According to published reports, the five-year-old Denver, Colorado for-profit coding school funded by $63 million in venture capital has announced that it plans to lay off 11 percent of its workforce. Not surprising given the competition with traditional non-profit schools, the free availability of online coding instruction, and the extremely low barrier to entry in the industry.
Of course, we see the standard official statements …
“In order to adjust to evolving market demands we made the difficult decision to reduce our workforce today.”
“These actions are consistent with our overall strategy to build a more product-focused platform that enables a continuous learning environment.”
Like many for-profit schools that suggest that they can train their non-college-level students to become software engineers, “obtain prized jobs with major software companies, or become a software entrepreneur in weeks or a few months, many of the for-profit schools ignore the basics.
One, coding is a means to an end, not the end itself.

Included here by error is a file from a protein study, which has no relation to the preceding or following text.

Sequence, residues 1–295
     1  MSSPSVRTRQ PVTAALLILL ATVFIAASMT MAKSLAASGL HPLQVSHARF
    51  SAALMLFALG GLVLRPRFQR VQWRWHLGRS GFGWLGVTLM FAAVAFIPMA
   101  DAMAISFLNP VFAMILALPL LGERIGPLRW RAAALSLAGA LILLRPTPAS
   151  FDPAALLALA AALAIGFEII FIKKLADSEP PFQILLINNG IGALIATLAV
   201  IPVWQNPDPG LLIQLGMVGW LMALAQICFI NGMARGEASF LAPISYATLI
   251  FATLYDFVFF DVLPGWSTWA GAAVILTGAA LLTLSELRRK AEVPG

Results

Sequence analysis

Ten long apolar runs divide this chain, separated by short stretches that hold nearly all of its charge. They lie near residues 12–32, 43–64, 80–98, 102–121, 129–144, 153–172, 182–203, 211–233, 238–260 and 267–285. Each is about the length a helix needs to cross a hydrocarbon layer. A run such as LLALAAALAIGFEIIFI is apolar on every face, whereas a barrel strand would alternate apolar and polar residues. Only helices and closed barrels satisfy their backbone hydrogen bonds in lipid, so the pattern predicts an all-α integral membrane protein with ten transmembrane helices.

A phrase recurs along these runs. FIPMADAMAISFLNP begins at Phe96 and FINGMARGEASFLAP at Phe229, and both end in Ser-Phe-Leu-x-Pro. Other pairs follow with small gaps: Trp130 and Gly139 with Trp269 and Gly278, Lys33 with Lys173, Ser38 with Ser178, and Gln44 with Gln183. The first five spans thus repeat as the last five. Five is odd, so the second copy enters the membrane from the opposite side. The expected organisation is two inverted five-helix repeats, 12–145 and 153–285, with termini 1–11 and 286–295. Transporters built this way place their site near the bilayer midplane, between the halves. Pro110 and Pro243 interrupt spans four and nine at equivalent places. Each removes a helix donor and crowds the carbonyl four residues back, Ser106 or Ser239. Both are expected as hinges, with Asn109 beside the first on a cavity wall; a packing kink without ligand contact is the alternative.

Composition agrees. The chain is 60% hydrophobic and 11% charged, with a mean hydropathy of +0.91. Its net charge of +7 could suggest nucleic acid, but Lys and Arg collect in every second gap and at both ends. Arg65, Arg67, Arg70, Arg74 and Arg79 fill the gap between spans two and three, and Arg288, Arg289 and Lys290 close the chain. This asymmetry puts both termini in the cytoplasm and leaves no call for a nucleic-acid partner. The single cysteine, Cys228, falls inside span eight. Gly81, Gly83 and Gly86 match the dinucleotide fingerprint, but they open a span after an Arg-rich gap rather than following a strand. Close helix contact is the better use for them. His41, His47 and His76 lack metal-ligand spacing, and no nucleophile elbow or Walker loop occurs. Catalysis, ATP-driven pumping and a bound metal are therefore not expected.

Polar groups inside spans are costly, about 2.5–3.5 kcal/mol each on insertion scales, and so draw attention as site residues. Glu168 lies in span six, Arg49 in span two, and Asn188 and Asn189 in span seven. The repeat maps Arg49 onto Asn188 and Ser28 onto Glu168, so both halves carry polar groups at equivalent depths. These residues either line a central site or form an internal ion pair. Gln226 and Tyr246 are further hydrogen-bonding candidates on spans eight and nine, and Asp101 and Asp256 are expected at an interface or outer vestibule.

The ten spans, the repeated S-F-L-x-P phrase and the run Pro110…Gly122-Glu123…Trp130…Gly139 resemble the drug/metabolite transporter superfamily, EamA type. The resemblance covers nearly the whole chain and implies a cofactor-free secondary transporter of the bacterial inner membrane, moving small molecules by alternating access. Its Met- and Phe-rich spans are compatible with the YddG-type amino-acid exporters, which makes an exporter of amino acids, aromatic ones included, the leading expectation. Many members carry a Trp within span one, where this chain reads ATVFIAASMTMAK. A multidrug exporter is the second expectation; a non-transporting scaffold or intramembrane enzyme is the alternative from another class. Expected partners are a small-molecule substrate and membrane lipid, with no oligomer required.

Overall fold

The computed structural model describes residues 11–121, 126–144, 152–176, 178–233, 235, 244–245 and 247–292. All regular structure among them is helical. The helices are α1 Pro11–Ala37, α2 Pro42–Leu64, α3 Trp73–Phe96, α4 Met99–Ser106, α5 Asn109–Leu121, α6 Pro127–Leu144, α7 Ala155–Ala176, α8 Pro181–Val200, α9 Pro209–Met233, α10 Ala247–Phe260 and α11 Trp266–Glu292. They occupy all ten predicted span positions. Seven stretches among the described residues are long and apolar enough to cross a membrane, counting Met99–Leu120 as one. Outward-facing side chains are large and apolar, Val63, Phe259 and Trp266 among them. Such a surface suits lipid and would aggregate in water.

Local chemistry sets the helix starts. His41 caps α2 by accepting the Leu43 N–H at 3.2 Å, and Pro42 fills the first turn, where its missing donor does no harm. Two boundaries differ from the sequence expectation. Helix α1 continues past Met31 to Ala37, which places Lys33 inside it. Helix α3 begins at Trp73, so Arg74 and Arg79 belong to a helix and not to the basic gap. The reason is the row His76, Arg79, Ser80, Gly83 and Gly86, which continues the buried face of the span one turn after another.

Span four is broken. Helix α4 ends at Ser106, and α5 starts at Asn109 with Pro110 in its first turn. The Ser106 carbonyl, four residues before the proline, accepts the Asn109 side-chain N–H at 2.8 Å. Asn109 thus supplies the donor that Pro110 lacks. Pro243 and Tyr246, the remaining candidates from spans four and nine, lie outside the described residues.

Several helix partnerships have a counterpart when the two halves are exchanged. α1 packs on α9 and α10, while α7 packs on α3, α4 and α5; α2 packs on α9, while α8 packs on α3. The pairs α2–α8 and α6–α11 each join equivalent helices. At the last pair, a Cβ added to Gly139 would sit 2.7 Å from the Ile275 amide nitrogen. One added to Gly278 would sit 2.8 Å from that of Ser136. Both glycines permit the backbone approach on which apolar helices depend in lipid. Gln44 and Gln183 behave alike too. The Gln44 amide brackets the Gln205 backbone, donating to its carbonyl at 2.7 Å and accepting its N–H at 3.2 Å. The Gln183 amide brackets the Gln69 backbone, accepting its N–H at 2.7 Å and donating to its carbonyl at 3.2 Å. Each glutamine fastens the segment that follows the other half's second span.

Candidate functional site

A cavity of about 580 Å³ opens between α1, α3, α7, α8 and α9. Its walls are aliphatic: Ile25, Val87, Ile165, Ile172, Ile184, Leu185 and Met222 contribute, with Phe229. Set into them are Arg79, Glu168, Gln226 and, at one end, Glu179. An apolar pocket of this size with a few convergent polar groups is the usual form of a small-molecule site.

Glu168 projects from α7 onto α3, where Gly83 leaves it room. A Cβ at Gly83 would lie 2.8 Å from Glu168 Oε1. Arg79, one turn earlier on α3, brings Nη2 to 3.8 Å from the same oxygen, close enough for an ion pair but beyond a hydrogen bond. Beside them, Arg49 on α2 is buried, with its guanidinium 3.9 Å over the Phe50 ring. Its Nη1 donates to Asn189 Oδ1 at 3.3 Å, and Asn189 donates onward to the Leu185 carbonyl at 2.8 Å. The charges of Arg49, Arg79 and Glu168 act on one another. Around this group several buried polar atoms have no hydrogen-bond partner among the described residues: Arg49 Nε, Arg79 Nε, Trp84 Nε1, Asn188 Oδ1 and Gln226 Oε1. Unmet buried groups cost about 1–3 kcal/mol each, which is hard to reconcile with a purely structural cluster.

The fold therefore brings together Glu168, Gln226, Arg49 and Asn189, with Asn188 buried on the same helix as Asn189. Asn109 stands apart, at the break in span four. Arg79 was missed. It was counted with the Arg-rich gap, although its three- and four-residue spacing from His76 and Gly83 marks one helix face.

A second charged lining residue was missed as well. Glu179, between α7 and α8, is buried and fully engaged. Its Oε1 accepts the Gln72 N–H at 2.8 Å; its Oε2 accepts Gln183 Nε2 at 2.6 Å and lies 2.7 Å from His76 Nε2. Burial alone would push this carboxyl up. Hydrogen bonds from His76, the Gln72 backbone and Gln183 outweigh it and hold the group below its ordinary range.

Two, the most valued employees are those with specific experience in other specialties and for the most part, do not concentrate on drag-and-drop GUIs (Graphic User Interfaces) or simply stringing library code modules together. They develop back-end systems and specialized code that goes beyond what might be routinely available in a library. Competition for employment is extremely aggressive, and most employees work long and hard for their money. The expense of living in Silicon Valley or surrounding areas is unreal and possibly unaffordable.
Three, the most successful and monetized apps do more than providing front-end access to someone else’s data through a vendor’s API (Application Programming Interface).
Four, it is immeasurably easier to teach a person skilled in another discipline coding than it is to teach a coder to be skilled in another discipline.
Five, many companies routinely outsource their app development or coding to extremely skilled foreign professionals for a fraction of the price it would cost for a full-time employee with benefits.
For those who are interested in programming, might I suggest you look at the free offerings from MIT’s “Open Courseware” Introductory Programming Courses. Starting with little or no programming knowledge, you can build employment-worthy skills -- just not in a few weeks.